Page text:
Class act

Members of the medical records administration Class of 1974 create a scholarship to help health information management students
The MRA Class of 1974 on one of the last day of classes in May 1974. Standing (left to right): Babs Rosenfeld Kreiter, Margaret Flettre Skurka, Susan Evans, Stephanie Johnson Donnell, Elizabeth Zielke Allan and Elizabeth Dangel Kumpost. Middle (left to right): Denise Rohrer Hartigan, Marla Alper Brichta, Susan Vyborny Blyskal, Judi Lampinen Miller, Karen Reiter Patena and Delight Kawakami Tanakatsubo. Sitting (left to right): Jane Clayton Malone, Lou Ann Schraffenberger, Sylvia Publ and Carol Petrie Liberty. Not pictured: Cheryl Kula Rymark.


June 1973: Richard Nixon was in the White House. The hit song “Live and Let Die” played nonstop on the radio.

And in a windowless classroom at 835 S. Wolcott Ave., a group of young women began their journey to fulfilling careers and lifelong friendship.

“We spent 12 months together, we bonded—and 45 years later, here we are,” says Lou Ann Schraffenberger ‘74 BS MRA with a laugh.

Seventeen classmates were awarded their bachelor’s degrees in medical record administration on May 31, 1974. A few months later, 13 of them met downtown for dinner to catch up … and they’ve been meeting, and catching up, ever since. They’ve congratulated each other at weddings. They’ve comforted each other at funerals. They’ve helped each other get jobs.

And recently, six of them agreed to pledge a total of $30,000 for a Class of 1974 scholarship to help future students in health information management.

I see it as an opportunity to give back to a program that gave me a very good career—I couldn’t have chosen a better one.
Judi Miller ‘74 BS MRA


“We encourage other groups to do this,” adds Karen Patena ‘74 BS MRA.

In the early ‘70s, the most common professions for women were teaching and nursing. Like many of her future classmates, Miller learned about medical records administration from her college career counselor, who described a profession that combined health care and business with excellent job prospects.

Students entered the one-year medical records program in their senior year, after three years of general studies.


Rita Finnegan in 1967.

Department head Rita Finnegan, a pioneer in the field, was an imposing figure. In class, her students called her “Miss Finnegan.” Out of earshot, she was “St. Rita.”

“She could be very kind but clearly had high expectations of us all,” recalls Jane Malone ‘74 BS MRA.

“You didn’t cross her. There was no goofing around,” Patena says.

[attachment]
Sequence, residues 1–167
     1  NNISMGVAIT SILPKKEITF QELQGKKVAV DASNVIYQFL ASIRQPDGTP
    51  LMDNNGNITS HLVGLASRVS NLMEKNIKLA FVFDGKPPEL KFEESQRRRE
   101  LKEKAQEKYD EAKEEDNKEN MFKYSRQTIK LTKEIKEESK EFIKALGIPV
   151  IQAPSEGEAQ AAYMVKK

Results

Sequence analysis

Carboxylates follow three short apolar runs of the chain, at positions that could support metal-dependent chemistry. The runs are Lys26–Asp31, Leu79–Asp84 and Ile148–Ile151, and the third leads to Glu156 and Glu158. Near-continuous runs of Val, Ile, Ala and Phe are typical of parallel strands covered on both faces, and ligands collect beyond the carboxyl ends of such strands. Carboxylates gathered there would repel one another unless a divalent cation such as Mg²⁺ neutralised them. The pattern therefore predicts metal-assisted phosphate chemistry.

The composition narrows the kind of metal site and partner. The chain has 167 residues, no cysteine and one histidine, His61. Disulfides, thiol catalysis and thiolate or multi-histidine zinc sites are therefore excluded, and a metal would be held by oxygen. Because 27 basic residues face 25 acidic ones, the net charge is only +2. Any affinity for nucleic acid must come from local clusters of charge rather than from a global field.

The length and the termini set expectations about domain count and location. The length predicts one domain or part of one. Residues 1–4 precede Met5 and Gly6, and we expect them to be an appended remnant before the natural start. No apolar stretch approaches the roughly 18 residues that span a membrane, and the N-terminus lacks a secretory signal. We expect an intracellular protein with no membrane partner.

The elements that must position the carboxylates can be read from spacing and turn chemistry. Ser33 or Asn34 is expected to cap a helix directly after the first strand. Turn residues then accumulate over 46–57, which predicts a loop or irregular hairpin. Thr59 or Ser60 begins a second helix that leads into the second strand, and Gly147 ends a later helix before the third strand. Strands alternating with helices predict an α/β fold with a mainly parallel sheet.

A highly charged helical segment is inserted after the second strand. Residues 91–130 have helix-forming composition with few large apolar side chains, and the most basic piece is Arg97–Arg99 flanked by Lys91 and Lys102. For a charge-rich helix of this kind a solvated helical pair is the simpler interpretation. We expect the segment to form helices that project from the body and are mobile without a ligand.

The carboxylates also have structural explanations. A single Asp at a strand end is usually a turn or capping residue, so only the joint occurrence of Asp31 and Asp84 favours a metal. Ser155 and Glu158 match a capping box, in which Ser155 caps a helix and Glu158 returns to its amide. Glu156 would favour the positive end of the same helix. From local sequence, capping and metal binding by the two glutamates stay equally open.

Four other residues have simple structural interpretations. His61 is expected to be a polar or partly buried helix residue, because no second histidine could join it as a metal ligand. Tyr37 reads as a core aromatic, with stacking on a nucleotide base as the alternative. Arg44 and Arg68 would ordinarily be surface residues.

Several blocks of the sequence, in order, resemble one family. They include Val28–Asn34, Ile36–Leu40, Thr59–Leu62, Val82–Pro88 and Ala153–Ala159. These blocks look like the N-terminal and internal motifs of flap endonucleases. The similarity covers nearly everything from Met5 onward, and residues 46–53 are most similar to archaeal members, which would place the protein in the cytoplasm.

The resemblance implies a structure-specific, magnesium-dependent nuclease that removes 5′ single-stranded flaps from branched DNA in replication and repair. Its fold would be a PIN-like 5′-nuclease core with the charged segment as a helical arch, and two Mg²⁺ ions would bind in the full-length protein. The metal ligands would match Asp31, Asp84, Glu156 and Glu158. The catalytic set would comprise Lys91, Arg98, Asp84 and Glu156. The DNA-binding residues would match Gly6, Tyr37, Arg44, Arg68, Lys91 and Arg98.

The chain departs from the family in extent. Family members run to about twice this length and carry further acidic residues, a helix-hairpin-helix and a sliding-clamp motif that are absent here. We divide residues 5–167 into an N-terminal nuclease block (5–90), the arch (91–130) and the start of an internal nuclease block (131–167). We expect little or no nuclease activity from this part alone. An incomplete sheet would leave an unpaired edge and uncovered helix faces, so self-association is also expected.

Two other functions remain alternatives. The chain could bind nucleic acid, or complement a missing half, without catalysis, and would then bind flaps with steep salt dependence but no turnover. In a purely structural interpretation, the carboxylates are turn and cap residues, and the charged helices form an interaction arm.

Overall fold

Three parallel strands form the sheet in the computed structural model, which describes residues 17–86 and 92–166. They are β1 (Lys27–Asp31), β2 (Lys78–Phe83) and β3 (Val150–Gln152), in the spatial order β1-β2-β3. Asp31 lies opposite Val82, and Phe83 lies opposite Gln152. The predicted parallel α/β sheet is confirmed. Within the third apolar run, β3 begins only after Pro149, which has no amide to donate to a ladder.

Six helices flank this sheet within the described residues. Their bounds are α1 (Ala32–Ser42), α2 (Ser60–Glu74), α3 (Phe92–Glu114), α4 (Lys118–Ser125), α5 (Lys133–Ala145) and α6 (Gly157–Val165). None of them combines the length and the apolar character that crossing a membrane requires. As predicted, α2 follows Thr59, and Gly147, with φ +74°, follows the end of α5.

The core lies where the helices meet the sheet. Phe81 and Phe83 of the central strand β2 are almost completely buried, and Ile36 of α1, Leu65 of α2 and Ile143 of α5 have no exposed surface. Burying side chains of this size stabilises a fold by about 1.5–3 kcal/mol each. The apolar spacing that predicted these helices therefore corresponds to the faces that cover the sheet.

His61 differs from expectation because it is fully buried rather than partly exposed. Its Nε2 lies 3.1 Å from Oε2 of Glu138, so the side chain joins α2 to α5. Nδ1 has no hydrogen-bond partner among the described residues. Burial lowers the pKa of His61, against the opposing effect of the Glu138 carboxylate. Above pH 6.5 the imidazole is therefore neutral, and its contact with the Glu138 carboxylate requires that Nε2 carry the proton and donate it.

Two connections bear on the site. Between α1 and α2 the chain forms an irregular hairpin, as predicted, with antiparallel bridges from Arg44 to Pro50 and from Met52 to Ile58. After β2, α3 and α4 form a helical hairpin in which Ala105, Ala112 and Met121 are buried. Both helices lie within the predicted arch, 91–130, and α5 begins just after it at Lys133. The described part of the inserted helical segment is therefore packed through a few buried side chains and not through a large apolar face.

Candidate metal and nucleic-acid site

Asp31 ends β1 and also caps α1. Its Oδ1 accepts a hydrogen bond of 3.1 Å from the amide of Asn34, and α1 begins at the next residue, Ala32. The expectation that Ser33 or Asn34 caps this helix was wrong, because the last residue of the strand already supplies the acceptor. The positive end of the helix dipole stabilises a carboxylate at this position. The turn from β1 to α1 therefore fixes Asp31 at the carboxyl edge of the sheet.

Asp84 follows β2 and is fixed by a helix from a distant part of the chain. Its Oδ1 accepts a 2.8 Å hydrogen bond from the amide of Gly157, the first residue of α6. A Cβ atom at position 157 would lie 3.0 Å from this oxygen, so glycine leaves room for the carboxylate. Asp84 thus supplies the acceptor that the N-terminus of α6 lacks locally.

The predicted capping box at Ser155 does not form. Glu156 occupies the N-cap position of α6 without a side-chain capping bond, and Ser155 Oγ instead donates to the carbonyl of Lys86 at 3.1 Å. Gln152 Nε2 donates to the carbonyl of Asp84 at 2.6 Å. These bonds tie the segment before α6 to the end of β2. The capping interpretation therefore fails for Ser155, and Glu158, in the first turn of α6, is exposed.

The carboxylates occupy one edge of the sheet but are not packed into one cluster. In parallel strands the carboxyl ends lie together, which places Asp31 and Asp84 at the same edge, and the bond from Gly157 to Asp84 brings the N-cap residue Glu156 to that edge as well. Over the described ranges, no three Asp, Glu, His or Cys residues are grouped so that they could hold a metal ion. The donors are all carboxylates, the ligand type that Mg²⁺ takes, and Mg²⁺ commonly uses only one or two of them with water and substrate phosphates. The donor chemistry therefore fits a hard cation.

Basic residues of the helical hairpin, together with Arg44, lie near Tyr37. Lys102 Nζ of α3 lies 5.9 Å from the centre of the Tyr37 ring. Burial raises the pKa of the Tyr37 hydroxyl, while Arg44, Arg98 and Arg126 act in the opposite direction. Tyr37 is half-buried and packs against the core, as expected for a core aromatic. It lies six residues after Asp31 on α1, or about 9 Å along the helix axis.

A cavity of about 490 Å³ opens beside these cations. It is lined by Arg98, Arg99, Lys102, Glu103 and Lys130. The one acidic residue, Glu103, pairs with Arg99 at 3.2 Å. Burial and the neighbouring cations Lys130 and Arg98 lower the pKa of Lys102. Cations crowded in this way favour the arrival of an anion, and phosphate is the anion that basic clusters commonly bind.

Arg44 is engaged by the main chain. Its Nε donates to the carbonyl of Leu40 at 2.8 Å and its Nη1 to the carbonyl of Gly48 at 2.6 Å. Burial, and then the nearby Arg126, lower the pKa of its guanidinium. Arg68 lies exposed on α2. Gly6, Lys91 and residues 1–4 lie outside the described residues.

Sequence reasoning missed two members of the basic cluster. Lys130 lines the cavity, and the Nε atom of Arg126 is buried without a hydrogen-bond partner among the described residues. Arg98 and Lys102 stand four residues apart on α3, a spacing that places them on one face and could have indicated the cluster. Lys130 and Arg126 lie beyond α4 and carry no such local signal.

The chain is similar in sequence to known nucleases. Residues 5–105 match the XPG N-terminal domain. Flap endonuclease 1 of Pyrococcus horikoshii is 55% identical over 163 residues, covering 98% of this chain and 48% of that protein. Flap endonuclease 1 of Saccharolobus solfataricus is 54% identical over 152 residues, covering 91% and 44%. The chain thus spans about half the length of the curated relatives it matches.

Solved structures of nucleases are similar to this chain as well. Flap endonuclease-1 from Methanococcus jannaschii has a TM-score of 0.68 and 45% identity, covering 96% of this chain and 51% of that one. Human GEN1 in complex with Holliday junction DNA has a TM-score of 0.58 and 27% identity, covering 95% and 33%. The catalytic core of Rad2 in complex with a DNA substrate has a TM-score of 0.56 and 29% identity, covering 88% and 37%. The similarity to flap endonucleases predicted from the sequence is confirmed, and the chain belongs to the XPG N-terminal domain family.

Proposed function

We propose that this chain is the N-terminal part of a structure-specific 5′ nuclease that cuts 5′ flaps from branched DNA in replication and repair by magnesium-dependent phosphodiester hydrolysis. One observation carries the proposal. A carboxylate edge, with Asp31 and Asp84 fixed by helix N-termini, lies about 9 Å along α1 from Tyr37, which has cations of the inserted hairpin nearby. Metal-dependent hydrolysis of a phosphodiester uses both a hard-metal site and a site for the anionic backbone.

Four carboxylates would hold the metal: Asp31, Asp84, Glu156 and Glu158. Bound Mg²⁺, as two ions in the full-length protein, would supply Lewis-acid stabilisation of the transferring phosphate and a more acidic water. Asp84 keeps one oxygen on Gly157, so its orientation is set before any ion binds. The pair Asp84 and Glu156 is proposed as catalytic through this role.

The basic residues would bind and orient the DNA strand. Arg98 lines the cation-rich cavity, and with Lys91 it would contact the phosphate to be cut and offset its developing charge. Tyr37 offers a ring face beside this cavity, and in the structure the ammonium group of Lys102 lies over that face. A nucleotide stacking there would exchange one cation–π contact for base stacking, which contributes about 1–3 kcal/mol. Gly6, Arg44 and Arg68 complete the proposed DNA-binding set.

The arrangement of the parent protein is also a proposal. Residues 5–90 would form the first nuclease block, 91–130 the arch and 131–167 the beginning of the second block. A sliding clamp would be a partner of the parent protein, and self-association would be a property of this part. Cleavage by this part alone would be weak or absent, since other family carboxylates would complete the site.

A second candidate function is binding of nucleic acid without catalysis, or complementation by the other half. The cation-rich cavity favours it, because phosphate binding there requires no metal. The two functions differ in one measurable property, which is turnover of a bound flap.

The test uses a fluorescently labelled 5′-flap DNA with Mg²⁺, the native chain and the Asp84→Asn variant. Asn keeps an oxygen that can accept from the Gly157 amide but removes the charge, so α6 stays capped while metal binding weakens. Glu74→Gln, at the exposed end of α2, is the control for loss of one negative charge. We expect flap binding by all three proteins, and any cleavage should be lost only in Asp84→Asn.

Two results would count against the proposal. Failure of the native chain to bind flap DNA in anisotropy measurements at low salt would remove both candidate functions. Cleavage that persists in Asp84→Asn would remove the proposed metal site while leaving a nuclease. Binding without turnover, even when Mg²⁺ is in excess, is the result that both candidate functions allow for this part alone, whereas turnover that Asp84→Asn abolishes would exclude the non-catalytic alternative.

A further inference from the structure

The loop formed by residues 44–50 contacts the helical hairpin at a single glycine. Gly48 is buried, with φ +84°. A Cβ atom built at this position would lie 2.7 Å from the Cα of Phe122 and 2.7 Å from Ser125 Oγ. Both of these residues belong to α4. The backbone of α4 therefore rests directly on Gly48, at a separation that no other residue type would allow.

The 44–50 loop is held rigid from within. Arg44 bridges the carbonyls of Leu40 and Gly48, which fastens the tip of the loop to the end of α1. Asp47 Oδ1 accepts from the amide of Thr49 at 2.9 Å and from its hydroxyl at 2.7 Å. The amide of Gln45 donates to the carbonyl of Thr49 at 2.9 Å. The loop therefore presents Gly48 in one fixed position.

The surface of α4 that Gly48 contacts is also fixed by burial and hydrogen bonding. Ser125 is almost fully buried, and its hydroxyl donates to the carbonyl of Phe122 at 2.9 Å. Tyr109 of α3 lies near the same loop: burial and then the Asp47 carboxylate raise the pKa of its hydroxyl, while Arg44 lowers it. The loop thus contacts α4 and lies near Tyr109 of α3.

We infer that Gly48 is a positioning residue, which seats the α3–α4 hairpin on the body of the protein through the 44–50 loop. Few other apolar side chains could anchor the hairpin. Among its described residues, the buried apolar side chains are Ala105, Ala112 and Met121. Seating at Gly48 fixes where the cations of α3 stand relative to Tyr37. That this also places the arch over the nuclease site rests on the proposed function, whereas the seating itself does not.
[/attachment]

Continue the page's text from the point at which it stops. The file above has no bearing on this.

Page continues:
The students attended class together through the summer, fall, winter and spring quarters, 9 a.m. to 3 p.m. Monday through Thursday, with clinical practicums or study days on Friday.

“It was a very trying, challenging and long senior year,” Miller says.

Throughout those 12 months they sat in the same classroom, in the same seats.

“I bet I could still sketch that room—who sat in what seat at what table,” Schraffenberger says.

Some of the skills they learned were very different from today’s. Patena can vouch for that: since 1996 she’s been director of the program, now in the Department of Biomedical and Health Information Sciences.

“In school, we learned extensive systems for filing paper by color or numeric order. People would say, ‘You have to go college to learn how to file?’” she remembers.

Now electronic medical records are recorded, managed and stored online in complex systems of coding for diagnosis, treatment and billing. Still, the importance of their profession’s role in health care has not changed.

“Everybody needs data, and that’s what we do,” Patena says. “We’re everywhere in health care. They couldn’t do it without us.”

The undergraduate program, now called health information management, has expanded to a four-semester/eight term curriculum, which is also offered online. A master’s degree in HIM will debut this fall. The department also offers master’s and professional certificates in health informatics and a doctoral degree in biomedical and health informatics.


Left to right: Karen Reiter Patena, Carol Petrie Liberty, Margaret Flettre Skurka, Stephanie Johnson Donnell, Jane Clayton Malone, Denise Rohrer Hartigan, Delight Kawakami Tanakatsubo, Judi Lampinen Miller and Lou Ann Schraffenberger in 2017.

“In some ways the field is the same as it was, yet much broader, much bigger, with more concepts and competencies,” Patena says.

Many members of the Class of ‘74 are retired or nearly there. Looking back, they agree that they’ve had great careers in a challenging, always changing field.

Their paths often crossed at professional conferences and workplaces. “We continued to be each other’s resources and support systems, even as we took on a wide variety of HIM career options,” Malone says.

Some classmates moved away from the Chicago area, but they all kept in touch and continued their annual reunions. The most recent get-together was in December. “Once I started the job of arranging the dinners, I got it for life,” Schraffenberger laughs.

Many have kept close ties with UIC, attending alumni events and mentoring students in clinical practicums. When they got together last spring at the college’s annual AHS Celebrates reception to cheer as Patena received the AHS Alumni Loyalty Award, the idea of endowing a scholarship seemed fitting.

Classmates who pledged contributions to the scholarship fund include Elizabeth Allan, Susan Evans, Malone, Miller, Patena and Schraffenberger.

“Forty-five years! From college to retirement or almost retirement, and we’re still good friends,” Schraffenberger marvels.

We set up the scholarship to give back to the place where we started, and to support the students coming through.
Lou Ann Schraffenberger ‘74 BS MRA


“Somebody’s got to keep it going for the next 45 years.”